December 15, 2019

What Are My Rights if I Loan Money to a Friend and the Friend Files Bankruptcy?

If I loaned money to a friend who committed bank fraud (I had to wire the money within minutes of having received the call from the friend directly to the Bank’s fraud recovery department) and that friend subsequently files Chapter 13, is it safe to assume that I have no recourse but to wait in line with other unsecured creditors?

Of course, I did not want the person to go to jail and did not obtain any promissory note or security agreement at the time the funds were wired to the bank’s fraud recovery department.

I have not yet obtained a promissory note and mortgage as I assume it could now be disallowed by the trustee because the money was disbursed in mid-February and I’ll bet there’s a "consideration" issue now.

What do you recommend?  Is it too late to get a note and/or secure the debt.  The friend has yet to file Chapter XIII yet.

Would there be any priority in my payment becuase I kept the person out of jail?


Jonathan Ginsberg responds:  Michael, as you said in your email – "no good deed goes unpunished."   I do not represent creditors so I would advise you to find a lawyer who regularly represents creditors in Chapter 13 claims.  Typically lawyers who represent used car dealers or high risk vehicle finance companies would have a lot of experience regarding possible objections to Chapter 13 cases since they file objections all the time .

I have no doubt that creditor lawyers and Chapter 13 trustee attorneys read this blog – perhaps one of my colleagues at the bar could post a comment or email me with more insight.

Your predicament serves as an important lesson to anyone who ever considers loaning money to friends or family.  If you make these loans, especially in an emergency situation, be prepared to lose the money, your friends or both.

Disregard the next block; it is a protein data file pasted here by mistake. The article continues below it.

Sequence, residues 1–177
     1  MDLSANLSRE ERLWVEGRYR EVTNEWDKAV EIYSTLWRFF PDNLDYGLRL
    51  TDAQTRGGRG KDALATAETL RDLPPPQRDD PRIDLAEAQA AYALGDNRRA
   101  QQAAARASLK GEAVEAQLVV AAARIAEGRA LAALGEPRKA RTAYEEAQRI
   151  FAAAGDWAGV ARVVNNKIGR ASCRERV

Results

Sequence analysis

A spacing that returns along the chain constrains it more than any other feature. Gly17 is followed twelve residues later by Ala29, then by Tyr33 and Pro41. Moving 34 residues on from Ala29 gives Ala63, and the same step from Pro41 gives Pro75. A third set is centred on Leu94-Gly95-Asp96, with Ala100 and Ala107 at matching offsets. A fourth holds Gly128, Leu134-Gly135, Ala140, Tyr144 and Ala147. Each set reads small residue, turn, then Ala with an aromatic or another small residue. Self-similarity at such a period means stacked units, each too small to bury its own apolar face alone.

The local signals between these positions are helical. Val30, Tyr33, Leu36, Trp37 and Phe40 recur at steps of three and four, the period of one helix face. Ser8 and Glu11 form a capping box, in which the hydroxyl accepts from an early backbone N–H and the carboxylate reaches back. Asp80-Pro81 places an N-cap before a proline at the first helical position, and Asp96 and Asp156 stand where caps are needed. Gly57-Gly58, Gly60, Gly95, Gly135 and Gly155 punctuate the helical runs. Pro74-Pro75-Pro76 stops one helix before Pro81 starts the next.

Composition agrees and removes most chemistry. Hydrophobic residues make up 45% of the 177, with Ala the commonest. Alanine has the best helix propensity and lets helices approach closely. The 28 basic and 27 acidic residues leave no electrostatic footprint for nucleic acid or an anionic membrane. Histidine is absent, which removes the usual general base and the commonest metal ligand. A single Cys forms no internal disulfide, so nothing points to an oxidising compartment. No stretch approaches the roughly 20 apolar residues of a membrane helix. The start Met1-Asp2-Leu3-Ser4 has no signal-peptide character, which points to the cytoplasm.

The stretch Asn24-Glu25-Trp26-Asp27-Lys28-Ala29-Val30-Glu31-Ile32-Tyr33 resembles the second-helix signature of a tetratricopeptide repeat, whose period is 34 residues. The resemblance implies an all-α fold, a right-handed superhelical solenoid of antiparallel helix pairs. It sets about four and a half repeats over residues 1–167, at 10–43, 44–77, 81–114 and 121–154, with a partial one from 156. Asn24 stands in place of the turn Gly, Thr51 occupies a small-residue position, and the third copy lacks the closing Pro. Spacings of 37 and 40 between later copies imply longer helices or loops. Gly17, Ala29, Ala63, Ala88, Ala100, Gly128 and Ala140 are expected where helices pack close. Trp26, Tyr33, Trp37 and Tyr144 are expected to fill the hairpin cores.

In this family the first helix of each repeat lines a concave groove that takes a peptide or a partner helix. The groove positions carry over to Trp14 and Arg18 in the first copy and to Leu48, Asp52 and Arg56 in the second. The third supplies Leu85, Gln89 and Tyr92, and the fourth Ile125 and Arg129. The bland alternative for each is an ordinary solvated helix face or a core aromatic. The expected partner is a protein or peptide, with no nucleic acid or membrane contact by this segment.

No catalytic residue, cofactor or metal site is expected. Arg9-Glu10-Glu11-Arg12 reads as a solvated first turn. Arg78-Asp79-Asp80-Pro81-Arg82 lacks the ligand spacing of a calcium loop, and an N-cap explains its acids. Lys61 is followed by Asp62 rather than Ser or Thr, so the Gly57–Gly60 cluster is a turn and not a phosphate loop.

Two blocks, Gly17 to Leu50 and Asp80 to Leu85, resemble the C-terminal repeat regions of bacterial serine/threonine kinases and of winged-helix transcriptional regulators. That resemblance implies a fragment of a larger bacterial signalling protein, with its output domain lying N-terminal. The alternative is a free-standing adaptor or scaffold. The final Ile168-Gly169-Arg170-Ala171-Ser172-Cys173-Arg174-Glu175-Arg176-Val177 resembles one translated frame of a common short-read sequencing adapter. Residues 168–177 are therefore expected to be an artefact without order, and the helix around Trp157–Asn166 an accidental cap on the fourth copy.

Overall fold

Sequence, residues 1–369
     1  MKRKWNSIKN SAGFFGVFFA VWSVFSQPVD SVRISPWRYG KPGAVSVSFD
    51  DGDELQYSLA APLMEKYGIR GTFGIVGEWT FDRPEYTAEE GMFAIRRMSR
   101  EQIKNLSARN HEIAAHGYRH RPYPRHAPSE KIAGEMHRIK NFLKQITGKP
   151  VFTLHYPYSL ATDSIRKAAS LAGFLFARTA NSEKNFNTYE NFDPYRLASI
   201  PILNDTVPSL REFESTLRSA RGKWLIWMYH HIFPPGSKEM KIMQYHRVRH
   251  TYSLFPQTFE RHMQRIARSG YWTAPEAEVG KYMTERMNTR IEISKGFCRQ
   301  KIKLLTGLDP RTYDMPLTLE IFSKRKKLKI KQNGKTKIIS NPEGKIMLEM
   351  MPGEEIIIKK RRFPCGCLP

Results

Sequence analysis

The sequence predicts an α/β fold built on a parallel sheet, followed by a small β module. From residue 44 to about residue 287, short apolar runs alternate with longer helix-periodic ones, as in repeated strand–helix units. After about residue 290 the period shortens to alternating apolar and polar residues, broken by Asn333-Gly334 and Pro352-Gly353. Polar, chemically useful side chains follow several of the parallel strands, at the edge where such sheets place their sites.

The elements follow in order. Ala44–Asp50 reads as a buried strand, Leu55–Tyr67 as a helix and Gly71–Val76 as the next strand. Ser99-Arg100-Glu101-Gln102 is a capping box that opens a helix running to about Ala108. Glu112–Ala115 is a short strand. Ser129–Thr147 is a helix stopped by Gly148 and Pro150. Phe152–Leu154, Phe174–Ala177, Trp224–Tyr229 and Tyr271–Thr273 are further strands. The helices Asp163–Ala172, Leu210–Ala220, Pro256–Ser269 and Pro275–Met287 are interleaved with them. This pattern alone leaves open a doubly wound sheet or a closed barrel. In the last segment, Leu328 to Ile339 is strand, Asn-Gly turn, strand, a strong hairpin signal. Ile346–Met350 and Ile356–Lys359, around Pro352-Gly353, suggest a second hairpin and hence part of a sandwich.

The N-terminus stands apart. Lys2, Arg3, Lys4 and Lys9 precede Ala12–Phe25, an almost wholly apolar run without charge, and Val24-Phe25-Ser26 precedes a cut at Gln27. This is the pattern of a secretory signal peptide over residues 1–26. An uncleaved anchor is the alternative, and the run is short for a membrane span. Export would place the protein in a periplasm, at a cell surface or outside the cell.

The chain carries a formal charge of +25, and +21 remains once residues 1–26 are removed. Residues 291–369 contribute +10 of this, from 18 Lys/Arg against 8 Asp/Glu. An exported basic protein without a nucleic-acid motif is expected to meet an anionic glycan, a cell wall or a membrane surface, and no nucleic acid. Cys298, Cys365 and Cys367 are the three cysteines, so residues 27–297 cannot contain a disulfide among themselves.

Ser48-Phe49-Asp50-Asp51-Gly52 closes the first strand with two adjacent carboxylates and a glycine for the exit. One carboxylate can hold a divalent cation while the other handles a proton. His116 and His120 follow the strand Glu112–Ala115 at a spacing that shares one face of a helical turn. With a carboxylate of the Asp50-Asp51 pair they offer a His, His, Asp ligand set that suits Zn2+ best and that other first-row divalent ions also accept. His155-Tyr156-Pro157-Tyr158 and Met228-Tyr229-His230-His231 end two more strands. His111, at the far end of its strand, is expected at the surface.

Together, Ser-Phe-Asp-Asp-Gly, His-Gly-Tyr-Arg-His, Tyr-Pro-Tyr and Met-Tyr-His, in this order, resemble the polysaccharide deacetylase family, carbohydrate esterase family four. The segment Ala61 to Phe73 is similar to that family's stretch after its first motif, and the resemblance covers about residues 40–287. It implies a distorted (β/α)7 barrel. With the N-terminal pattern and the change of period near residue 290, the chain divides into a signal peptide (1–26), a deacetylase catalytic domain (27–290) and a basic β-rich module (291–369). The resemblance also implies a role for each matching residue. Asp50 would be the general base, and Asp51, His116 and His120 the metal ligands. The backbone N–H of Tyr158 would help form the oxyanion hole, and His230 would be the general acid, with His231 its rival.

[tags] treatment of personal loans in bankruptcy, objections to chapter 13 confirmation [/tags]


Chapter 13 and County Property Taxes

I recently worked on a case that demonstrated the need for Chapter 13 attorneys to remain alert when dealing with county property taxes and Chapter 13 debtors.

In this case, my client was both delinquent in his payment of county property taxes and his taxes were not being escrowed by the mortgage company.  Because of the delinquency, I included the county tax commissioner as a creditor in the case.  Because my client’s county property taxes were not being escrowed, I allocated approximately $300 per month as a monthly tax escrow so that he would be able to pay the tax bill later this year.

The county tax commissioner filed a proof of claim that included the delinquent tax debt for 2005 as well as anticipated property tax debt for 2006.  I filed a Motion to Disallow Claim on the grounds that the 2006 tax debt had not yet come due and because we were already allocating for this tax obligation in the budget.

The county attorney called me and explained that under Georgia law, your county property tax debt comes due on January 1 in the exact amount of the previous year’s tax.  This tax obligation is subject to change based on updated tax rolls but it exists as of January 1.  So, in my case, his position is that the county acted correctly in filing a proof of claim for both 2005 and 2006.

I discussed this issue with my client and we decided to withdraw our objection to the county’s proof of claim, and we will amend our budget to get rid of the 2006 monthly allocation.  On January 1, 2007, however, I will need to re-amend the budget to add a monthly tax escrow allocation as he will have to pay 2007 directly.

Interestingly, this issue would not have arisen if there had been no delinquency for 2005 as I would not have listed the county as a creditor, although arguably every property owner is automatically delinquent as of January 1.  My sense is that the mortgage company escrow departments as well as county tax commissioner’s offices are probably fine with the existing escrow system as it would be a logistical nightmare to convince escrow departments not to escrow for the current calendar year.  However, if you pay your property taxes directly or if you do list the county tax commissioner as a creditor be aware of this proof of claim issue so that you do not double pay.

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